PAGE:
Today, Dorsu employs six women and produces a range of dresses, bags, shirts, pants, skirts, shorts, and more. They offer passersby the opportunity to purchase local and handmade goods that have a positive impact on the community.

I encourage anyone traveling in the area to pop in, alternatively Aware has a range of their goods to sell in Melbourne which you can purchase at markets or contact us at information.aware@gmail.com to get more information on how you can help support this fantastic community!

For more info on Dorsu see http://www.dorsu.org

Written by volunteer, Stacey

Categories: Cambodia, Projects | Tags: , , , , , , | 1 Comment

Aware in Cambodia. Part 1: social enterprises

Two days in Cambodia and I’m already inspired and mesmerised by this place.

In case any of you are thinking about traveling here, I wanted to share with you some places I found that will help you engage in community development while you go about your holiday. Phnom penh is buzzing with social enterprises –  causes that use trade to fund social programs.

If you head to the Russian market, Psar Tuol Tom Pong, a number of stores around the market boast fair-trade or ethical products. Among them is Nyemo which helps disadvantaged women return to work. Rajana which supports 130 producer groups through the principles of fair-trade. Alongside Rajana is Cafe Yejj, although its quite a western cafe, it does achieve a social impact through responsible employment.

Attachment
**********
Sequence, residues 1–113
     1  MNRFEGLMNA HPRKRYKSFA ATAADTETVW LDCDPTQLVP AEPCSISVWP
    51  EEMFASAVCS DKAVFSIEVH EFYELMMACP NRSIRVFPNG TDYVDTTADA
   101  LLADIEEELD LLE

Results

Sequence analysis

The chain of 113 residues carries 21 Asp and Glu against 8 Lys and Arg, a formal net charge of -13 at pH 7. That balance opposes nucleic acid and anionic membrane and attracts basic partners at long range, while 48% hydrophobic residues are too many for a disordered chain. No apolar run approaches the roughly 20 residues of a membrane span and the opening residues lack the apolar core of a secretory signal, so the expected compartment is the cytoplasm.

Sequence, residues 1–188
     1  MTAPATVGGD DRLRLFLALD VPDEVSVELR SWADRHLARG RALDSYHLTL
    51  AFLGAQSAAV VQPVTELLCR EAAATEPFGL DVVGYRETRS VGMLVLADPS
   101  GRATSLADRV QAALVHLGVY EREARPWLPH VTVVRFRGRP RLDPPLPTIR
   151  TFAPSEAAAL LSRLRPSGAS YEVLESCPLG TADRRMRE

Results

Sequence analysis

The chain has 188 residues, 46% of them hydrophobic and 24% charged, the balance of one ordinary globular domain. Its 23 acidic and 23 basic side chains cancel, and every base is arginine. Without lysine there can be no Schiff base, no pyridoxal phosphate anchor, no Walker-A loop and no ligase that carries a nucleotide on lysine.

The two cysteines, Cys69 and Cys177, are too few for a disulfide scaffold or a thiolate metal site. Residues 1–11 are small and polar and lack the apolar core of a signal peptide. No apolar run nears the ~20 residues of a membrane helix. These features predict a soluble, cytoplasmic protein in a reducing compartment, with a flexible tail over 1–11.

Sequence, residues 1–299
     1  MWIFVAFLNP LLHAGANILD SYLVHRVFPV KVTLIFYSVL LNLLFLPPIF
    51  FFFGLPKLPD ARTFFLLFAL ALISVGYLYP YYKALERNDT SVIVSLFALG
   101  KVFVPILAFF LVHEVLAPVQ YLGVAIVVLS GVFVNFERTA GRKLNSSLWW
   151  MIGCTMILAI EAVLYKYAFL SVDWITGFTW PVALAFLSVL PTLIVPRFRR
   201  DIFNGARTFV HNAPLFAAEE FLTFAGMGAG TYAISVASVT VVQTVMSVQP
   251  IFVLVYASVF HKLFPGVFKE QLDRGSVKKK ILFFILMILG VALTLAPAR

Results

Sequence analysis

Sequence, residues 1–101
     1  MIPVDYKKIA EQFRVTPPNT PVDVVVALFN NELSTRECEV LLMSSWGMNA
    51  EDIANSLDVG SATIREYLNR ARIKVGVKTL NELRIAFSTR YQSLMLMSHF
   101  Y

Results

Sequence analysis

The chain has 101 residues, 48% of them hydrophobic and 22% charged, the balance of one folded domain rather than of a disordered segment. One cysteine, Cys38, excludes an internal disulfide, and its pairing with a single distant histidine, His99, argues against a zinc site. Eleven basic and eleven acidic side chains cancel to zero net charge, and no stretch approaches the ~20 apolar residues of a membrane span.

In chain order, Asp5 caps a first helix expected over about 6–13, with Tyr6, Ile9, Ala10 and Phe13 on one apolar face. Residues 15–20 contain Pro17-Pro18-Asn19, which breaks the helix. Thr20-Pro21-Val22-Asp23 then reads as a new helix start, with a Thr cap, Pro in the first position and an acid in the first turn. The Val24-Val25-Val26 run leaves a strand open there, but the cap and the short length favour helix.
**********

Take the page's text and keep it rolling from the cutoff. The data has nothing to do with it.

Closer to the National Museum you will find Friends ‘n’ Stuff, a charity style store full of handmade and up-cycled goods. Next door is the very successful Friends restaurant which is run by former street children and their teachers. I must say that they food there is amazing and the staff are lovely. Check out their cookbooks here.

These are just few of the many social enterprise shopping and dining options, I encourage anyone spending time in Phnom Penh to check it out and make sustainable travel choices.

Written by volunteer, Stacey
Categories: Cambodia, Projects, Stories from Volunteers | Tags: , , , , , | 2 Comments

Sustainable Development – what does that even mean?

In a recent article in The Conversation about sustainable development raised some interesting points on government’s lack of initiative when it comes to implementing policy.

Basically the article’s conclusion is that without a united vision for a country or a world for generations to come sustainable development falls flat within policy creation.

The author, Mike Burbridge writes:

Let’s be clear: we are all the same. We care about improving our quality of life as we see it. But we all have different views about the time frames that encircle our decision making. Sustainable development doesn’t: it is blind when it comes to time. There is simply no question: sustainable development requires that we think about generations to come. It requires that decisions we take or policies we announce today take into account the effects on tomorrow’s generation

What does this have to do with Aware you ask?

Well, we’re offering up our vision for a sustainable future and sustainable development. We’re suggesting that encouraging self-empowerment through art, crafts, and education will create new visions for what sustainable communities could look like.

Categories: Are you aware? | Tags: , , , , , | Leave a comment